Imagine based on the twins study, we have 200 different pairs of twins. 100 of these pairs were brought up together and 100 were brought up by different adopted parents. Also assume, 30% pairs of twins in either of these groups share a similar personality. Now, if you cluster these pairs of twins based on either proximity variables (i.e. shared houses, schools, parenting etc.) or personality variables (i.e. shared interests, attitudes, beliefs), you will get completely different sets of clusters. Neither of these sets of clusters are wrong but are appropriate based on the problem at hand. Cluster analysis is extensively used for customer segmentation and profiling. Customer segmentation is not very different from clustering the twins in our example. Therefore the choice of input variables determines the customer segmentation. This is similar to the choice of either proximity or personality variables for the twins.

Now, let’s take a nose dive towards the cluster analysis puzzle:

## Analytics Challenge – Cluster Analysis

In this analytics challenge, we will use the k-mean clustering algorithm. We have discussed the k-mean algorithm in detail in this **cluster analysis case study for telecom**. You may want to read this case study to brush up your concepts for k-mean clustering.

First thing first, for this cluster analysis puzzle we will simulate some data with 2 input variables (x and y). We will use R to do all our calculation.

set.seed(57) x = c(rnorm(30,0,1),rnorm(30,10,1),rnorm(30,20,1)) y = c(rnorm(30,0,1),rnorm(30,10,1),rnorm(30,20,1)) a = as.data.frame(cbind(x,y)) plot(a) rm(x,y)

This dataset, as you could see in the plot, has three well-separated clusters.

Now, let’s see how the k-mean algorithm will perform on this. We will use the initial value for the number of clusters to be equal to 3 i.e. k=3. For this problem, this is easy since we can clearly see 3 different clusters. However, don’t expect the choice of k to be so simple for most datasets.

set.seed(42) kmean = kmeans(a,3) plot(a, col=kmean$cluster,pch=16) legend(-3,23,c('cluster 1','cluster 2','cluster 3'),pch= 16,col=c("black","green","red"))

Not bad, the k-mean algorithm has clustered the data in an expected manner. Now, let’s try to run the same algorithm with a different choice of initial seed.

set.seed(57) kmean1 = kmeans(a,3) plot(a, col=kmean1$cluster,pch=16) legend(-3,23,c('cluster 1','cluster 2','cluster 3'),pch= 16,col=c("black","green","red"))

Ouch! this doesn’t look right. Now we have got completely different clusters. Here are a few questions for discussion. Post your opinions/answers in the discussion section.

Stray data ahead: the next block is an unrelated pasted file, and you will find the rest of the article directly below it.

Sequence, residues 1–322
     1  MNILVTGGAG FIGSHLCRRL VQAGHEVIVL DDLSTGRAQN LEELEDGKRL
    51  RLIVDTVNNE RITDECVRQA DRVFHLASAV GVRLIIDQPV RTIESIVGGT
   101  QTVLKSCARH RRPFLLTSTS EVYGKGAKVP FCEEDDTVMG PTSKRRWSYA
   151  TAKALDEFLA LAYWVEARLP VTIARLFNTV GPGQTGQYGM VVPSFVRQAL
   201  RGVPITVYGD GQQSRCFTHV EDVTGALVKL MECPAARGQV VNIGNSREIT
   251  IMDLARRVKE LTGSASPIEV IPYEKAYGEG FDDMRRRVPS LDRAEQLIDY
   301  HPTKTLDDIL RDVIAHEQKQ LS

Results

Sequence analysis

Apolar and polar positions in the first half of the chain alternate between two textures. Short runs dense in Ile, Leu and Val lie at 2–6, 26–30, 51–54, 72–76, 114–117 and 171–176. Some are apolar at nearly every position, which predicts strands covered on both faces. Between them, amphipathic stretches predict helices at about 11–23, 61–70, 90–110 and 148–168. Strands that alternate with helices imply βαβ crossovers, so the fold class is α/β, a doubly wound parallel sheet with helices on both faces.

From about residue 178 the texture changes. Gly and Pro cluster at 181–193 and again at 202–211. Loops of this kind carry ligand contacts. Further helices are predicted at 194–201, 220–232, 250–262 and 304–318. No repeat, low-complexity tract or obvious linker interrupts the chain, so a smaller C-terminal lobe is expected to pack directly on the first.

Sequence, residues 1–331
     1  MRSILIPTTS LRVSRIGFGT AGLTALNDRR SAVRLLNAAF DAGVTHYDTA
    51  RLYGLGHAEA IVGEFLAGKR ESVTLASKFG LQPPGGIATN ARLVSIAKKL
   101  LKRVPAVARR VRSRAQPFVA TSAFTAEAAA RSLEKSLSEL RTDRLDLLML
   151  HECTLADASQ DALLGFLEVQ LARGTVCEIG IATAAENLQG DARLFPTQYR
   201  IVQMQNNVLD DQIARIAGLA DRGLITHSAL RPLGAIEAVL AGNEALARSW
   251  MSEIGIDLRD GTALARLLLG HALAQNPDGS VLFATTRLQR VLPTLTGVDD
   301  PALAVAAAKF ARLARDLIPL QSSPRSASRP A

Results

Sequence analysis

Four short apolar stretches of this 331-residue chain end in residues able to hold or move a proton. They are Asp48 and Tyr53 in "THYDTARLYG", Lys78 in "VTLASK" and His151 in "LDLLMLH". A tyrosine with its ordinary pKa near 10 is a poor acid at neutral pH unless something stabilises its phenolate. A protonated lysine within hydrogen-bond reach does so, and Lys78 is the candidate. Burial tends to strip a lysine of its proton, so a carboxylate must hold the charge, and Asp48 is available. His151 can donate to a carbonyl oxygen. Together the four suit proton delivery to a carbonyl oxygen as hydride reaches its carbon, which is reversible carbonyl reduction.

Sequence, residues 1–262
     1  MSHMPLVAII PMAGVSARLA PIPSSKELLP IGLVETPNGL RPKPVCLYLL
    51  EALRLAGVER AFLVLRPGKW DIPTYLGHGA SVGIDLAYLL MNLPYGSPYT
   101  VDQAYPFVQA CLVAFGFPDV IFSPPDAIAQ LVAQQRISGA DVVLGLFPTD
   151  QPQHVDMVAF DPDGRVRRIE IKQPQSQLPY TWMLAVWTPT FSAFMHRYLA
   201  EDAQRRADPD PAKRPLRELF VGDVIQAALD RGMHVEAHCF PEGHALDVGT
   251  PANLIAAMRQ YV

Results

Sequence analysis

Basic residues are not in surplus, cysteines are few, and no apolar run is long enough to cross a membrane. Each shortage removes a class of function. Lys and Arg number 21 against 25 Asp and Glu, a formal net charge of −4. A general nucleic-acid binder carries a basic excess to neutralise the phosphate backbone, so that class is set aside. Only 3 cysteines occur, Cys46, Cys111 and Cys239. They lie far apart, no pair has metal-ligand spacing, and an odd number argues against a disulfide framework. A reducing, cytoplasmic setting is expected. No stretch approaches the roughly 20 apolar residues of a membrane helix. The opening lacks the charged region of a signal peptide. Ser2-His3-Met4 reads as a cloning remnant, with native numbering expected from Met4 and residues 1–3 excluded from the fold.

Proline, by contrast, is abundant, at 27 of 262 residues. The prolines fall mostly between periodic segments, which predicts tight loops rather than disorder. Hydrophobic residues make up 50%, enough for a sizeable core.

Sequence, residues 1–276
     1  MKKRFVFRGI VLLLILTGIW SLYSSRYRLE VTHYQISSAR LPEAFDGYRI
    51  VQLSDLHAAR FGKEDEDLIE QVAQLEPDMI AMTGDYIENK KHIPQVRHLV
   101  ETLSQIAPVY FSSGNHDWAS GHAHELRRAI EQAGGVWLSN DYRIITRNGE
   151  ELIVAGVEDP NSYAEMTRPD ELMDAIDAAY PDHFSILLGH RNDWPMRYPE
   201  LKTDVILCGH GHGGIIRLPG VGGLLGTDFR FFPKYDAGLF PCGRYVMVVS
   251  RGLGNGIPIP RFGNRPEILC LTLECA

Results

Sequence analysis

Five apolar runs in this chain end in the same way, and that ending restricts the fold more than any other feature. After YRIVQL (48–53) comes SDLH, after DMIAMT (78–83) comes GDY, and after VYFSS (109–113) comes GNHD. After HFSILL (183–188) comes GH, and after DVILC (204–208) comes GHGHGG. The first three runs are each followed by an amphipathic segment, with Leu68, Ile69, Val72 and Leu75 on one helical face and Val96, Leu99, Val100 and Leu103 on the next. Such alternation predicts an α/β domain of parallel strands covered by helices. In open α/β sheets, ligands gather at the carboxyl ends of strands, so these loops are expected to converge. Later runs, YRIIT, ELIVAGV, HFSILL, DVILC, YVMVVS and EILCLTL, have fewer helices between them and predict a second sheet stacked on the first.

- What has gone wrong in the second analysis?
- Suggest a few strategies that will help to avoid such spurious and contradictory results.
- Choosing an appropriate value of k or number of clusters is essential to get the right results from cluster analysis. How do you choose the value of k in k-mean clustering?

#### Sign-off Note

Don’t treat these questions like an exam but be creative and imaginative while answering them. Remember, there are no wrong answers here. And who knows, we may find some completely novel ways to do cluster analysis through our discussion.

* What has gone wrong in the second analysis?

From what I understand, since the data already has a pattern, the seed does not have an effect on the kmeans function grouping them. Having other seed initiations does not affect the kmeans function from choosing the most optimum centers. But when the seed is reinitiated, the kmeans functions is forced to randomize the centers from ‘the most optimum’ to ‘the next most optimum’ centers for grouping them.

The reason of the difference between first one and second one is the randon seed, the radom seed randomly gives initial central points of each clusters, which affects the final clustering result.

One way to avoid the effect from randomness is to get the initial central points that are as far away from each other as possible.

I couldn’t figure out the significance of the seed. I tried the seed number to be 41 to 44 and it worked well. However, beyond this number it is not working well. However, I have used the following code to figure out the optimum number of clusters.

library(NbClust)

## it suggests the optimum number of clusters

NbClust(a, method = ‘complete’, index = ‘all’)$Best.nc[1,]## it says optimum no. of cluster is 3

## Now apply the k means clustering.

cluster <- kmeans(a, 3) ##using the optimum cluster of 3

cluster

plot(a, col=cluster$cluster,pch=16)

legend(-3,23,c('cluster 1','cluster 2','cluster 3'),pch= 16,col=c("black","green","red"))

*** 1) What has gone wrong in the second analysis? ***

Nothing gone wrong. Since k-means algorithms results derives from an iterative process, the random seed from the second experiment made the method to converge to a different result.

*** 3) Choosing an appropriate value of k or number of clusters is essential to get the right results from cluster analysis. How do you choose the value of k in k-mean clustering? ***

In order to decide the optimal number of “k”, I would identify if the groups are really different based in univariate and bivariate analysis and also if the groups respect business understanding.